Out of the Humidor
From the Print Edition:
Danny DeVito, Winter 96
(continued from page 9)
A couple of weeks ago I was going through my semi-daily ritual of sitting at home in my easy chair, enjoying a nice Macanudo and listening to Chet Baker, while reading Cigar Aficionado, when out of the blue the doorbell rang. Not expecting anyone, and being somewhat annoyed at the disturbance of my "personal time," I hesitantly approached the door. As I opened the door my frustration turned to elation when I realized it was Harry, a childhood friend I had not seen in over 10 years.
He immediately noticed the fine aroma of my cigar and apologized for disturbing me. His apology made me realize that he, to, had become an aficionado, for only a cigar smoker himself knows the quiet pleasures of sitting alone and enjoying a good smoke. I invited Harry in and offered him a cigar with a glass of Port. Without hesitation he accepted the offer, and before long we were sitting in a cloud of smoke reminiscing about old times.
Since the evening was young, and we were both in a social mood, we decided to go to a local jazz bar to have a couple of drinks and listen to some nice music. As we approached the bar, Harry stopped just short of the entrance and handed me a cigar. He explained that it was a Cuban he had recently acquired (I didn't ask how) and was saving for a special occasion. I felt honored that he would share it with me. We immediately lit the cigars and proceeded into the bar.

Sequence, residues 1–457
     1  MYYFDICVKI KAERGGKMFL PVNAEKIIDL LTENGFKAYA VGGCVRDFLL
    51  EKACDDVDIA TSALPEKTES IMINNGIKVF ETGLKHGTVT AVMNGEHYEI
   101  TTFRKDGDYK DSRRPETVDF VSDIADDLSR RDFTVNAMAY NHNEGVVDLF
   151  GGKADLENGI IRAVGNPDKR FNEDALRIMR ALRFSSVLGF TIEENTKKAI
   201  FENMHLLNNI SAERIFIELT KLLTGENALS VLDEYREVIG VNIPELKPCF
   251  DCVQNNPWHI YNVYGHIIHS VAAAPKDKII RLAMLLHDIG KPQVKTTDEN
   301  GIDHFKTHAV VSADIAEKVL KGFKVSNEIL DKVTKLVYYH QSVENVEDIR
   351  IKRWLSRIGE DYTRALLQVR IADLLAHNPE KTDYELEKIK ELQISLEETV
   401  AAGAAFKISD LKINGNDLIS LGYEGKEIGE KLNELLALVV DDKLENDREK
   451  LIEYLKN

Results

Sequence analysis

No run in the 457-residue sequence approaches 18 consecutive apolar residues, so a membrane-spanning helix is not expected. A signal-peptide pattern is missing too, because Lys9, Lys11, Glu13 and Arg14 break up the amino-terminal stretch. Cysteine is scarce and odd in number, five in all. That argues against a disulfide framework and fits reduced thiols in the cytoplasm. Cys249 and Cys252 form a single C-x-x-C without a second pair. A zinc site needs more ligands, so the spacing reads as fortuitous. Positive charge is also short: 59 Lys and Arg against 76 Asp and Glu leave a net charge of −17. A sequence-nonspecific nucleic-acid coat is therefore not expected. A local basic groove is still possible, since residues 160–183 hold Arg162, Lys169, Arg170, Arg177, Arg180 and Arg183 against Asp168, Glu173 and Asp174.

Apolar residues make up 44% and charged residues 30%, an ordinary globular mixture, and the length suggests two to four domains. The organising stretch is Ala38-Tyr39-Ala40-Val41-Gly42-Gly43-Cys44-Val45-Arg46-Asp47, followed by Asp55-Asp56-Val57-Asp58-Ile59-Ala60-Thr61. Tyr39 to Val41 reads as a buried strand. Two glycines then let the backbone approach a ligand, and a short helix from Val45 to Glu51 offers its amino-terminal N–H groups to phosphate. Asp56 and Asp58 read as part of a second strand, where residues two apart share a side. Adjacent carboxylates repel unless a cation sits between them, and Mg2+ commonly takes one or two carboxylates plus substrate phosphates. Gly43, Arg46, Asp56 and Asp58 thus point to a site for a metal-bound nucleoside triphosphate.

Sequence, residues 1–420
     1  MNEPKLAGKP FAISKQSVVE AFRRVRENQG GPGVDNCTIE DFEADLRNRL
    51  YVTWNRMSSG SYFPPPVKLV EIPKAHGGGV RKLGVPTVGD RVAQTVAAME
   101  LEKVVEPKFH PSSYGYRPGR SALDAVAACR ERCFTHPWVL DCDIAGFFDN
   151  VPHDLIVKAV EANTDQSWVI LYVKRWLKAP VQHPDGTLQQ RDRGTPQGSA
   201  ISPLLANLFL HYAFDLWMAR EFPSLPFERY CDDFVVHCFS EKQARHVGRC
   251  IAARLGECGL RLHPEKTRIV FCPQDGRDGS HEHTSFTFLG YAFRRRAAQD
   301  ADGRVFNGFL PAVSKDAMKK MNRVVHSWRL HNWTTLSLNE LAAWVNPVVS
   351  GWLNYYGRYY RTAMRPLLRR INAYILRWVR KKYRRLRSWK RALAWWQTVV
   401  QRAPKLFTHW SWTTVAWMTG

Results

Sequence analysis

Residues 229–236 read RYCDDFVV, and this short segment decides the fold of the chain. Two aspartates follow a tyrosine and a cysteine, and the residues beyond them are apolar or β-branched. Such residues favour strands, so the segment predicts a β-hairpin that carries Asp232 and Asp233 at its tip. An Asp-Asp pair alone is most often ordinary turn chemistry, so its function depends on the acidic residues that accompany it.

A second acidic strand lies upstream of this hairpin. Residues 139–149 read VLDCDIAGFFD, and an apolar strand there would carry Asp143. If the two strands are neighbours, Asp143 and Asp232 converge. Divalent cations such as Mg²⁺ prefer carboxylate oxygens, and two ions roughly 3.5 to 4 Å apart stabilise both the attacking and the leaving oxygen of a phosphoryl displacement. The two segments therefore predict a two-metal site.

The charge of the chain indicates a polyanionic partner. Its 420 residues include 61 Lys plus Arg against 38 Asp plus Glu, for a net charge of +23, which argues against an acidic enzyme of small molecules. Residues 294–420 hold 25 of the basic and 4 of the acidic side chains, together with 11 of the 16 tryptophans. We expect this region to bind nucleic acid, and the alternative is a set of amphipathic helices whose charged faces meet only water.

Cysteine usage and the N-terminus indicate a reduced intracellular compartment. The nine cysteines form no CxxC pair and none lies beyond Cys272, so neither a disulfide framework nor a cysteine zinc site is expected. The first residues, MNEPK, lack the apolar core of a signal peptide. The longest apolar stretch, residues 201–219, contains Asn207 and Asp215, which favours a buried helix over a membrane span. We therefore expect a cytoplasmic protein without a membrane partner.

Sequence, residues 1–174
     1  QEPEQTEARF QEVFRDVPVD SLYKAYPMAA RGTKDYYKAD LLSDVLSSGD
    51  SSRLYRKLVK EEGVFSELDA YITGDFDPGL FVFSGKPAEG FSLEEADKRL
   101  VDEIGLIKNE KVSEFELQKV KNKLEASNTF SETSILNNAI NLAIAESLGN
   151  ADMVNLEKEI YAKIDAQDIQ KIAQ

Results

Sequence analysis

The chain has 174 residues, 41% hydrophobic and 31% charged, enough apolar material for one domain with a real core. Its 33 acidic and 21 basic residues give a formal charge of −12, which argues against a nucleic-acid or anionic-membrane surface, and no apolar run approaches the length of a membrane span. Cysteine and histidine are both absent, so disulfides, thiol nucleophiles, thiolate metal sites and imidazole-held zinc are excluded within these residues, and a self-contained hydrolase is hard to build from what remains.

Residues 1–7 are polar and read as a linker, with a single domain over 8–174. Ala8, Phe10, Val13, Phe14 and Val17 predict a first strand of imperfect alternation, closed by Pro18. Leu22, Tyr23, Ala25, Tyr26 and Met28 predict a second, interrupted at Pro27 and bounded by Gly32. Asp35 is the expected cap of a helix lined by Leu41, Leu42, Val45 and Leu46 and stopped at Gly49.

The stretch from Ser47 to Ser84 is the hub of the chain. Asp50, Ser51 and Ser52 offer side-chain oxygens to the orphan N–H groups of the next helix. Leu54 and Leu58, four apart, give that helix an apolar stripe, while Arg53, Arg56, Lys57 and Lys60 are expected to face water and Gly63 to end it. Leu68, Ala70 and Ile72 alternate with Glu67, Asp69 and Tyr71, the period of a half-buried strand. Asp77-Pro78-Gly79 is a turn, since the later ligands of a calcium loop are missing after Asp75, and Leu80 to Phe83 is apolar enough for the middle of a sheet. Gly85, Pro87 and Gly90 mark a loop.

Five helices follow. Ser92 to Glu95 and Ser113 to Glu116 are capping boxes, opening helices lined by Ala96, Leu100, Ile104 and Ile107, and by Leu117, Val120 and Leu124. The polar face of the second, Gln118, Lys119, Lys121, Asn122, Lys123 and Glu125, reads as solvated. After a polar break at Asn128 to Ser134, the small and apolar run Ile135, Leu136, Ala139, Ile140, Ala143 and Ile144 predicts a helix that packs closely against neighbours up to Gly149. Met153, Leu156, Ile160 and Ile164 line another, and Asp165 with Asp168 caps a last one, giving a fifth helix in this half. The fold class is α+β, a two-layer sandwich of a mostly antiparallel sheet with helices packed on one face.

Being at a jazz bar, I was confident that the smoking of cigars would not be a problem. Besides, there was already a thick haze of smoke in the air from all the cigarettes. We sat down at a table near the back, ordered some fine malt Scotch and puffed away on our little treasures. This truly was the best cigar I had ever tasted! It was so uncommonly smooth yet flavorful that I thought this must be what cigars in heaven are like. The band that night was excellent, I was with a good friend whose company I had missed the past few years, and the Scotch was going down like liquid honey. Nothing could disrupt this ambience.
Suddenly, I felt a tap on my shoulder from our waiter. He informed me that cigar smoking was not allowed at that establishment! My initial reaction was to laugh. After all, this was a jazz bar, the room was filled with cigarette smoke and no one in my immediate vicinity seemed to be bothered by our indulgence. I asked him why we had to extinguish our cigars. He gave us no legitimate reason other than stating it was the bar's policy. Not wanting to argue more, we agreed to let the cigars go out, and set them in an ashtray. As the waiter left, a couple sitting next to us told Harry and me that they were actually enjoying the fine aroma our Cubans were emitting. That did it. Now I was upset.
I went to the bar and asked to speak to the manager. A young man about my age (mid-20s) came out to the back room and approached me. I immediately asked him the reason behind the cigar smoking ban. He informed me that because he is offended by the smell of cigar smoke, he made the policy. I could not believe it, and immediately gave him a lecture about my belief that cigar smoking "offenses" should be handled on a case by case basis. For example, had someone sitting close to me been offended and asked me nicely to put out my cigar, I would have done so without hesitation. But to make a blanket policy based simply on the whim of the management is appalling.
After this little incident, Harry and I went back to my apartment and finished our cigars. At least there we could enjoy our Cubans, listen to good music and have a drink unencumbered. Needless to say, I will never again go to that bar.
Ann Arbor, Michigan
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